What with England’s Brexit vote to leave the European Union and the election of Donald Trump, many observers have predicted that a new wave of Trump-like nationalism, rejection of immigration, and economic populism would dominate the global landscape.
Has that happened? Well, no and yes. . . .
Photo of Marine Le Pen by Emmanuel d’Aubignosc (Emmanuel d’Aubignosc) [GFDL (http://www.gnu.org/copyleft/fdl.html) or CC BY 3.0 (http://creativecommons.org/licenses/by/3.0)], via Wikimedia Commons
Well, German chancellor Angela Merkel has roundly defeated her insurgents.With the French, the record is mixed. The top vote-getters of the recent French presidential race–who will face-off in a runoff election on May 7–were Marine Le Pen, with her Frexit plan and opposition to Muslim immigration, and centrist Emmanuel Macron.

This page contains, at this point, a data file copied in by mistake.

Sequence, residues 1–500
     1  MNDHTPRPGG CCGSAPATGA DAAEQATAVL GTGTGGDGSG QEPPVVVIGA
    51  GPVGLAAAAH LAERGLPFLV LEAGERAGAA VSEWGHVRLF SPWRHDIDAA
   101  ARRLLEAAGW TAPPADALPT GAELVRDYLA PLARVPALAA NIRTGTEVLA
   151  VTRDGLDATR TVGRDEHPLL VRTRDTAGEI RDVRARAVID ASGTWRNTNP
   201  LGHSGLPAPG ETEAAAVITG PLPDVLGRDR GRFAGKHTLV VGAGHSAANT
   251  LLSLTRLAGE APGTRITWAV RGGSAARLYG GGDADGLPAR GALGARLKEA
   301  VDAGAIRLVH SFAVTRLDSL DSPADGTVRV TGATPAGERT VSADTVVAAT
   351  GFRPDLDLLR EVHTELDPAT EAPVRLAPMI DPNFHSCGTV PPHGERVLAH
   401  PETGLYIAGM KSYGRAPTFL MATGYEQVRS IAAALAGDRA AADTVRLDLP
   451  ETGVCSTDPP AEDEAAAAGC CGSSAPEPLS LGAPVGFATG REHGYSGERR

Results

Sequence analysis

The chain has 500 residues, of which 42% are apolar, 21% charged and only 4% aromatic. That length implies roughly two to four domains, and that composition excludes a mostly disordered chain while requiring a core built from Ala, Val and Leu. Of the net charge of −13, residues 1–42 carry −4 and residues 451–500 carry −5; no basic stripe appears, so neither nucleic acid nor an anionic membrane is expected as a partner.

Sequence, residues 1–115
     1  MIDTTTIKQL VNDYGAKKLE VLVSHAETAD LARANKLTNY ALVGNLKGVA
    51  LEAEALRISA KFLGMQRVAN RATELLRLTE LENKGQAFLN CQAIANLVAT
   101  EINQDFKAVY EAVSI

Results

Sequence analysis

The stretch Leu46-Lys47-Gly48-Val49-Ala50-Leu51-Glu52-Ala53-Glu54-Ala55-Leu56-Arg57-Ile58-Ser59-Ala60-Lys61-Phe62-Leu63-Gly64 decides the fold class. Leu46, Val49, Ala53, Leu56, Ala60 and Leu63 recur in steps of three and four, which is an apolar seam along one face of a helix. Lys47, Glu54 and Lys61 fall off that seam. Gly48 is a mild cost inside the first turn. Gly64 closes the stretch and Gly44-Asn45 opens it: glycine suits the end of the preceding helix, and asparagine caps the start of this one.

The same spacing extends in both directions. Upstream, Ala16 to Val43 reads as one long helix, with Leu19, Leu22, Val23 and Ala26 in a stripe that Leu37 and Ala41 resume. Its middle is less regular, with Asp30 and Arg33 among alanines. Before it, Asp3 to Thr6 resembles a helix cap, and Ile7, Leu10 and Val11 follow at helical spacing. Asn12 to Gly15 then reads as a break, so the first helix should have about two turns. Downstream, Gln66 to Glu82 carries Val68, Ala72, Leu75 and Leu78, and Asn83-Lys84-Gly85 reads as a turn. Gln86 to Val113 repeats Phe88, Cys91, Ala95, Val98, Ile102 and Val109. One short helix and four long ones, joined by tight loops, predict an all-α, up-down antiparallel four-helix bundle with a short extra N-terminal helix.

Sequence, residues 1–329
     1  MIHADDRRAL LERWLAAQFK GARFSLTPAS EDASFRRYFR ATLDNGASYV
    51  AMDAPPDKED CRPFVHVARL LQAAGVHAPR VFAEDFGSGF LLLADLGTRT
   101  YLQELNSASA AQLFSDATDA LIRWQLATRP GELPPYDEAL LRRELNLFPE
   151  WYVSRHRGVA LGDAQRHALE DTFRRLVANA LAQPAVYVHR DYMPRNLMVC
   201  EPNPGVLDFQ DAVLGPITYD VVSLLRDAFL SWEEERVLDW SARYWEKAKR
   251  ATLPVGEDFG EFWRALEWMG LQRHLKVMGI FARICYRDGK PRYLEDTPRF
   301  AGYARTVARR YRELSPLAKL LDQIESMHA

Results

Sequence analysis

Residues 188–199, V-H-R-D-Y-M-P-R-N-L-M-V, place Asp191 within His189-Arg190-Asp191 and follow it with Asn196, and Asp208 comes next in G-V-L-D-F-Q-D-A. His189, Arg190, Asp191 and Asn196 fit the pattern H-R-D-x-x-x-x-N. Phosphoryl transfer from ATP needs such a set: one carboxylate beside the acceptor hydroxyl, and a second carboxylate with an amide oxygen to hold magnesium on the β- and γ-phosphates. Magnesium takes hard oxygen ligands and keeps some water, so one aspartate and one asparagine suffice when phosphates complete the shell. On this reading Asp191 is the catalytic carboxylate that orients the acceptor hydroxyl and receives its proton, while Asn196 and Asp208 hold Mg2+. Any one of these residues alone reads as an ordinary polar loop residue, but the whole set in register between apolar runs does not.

Macron wants to strengthen French ties to the European Union. And yet he too ran as an anti-establishment candidate, without the support of any major political party. In fact, the candidates of all of the major political parties–including especially those on the left–went down to defeat.
Macron got the most votes and is the predicted winner, since the other parties are rallying around him in an effort to stop the far-right Le Pen.
That would mean that the status quo would continue with the EU and generous immigration policies. And yet, his victory would also mean that France too is rejecting conventional politicians.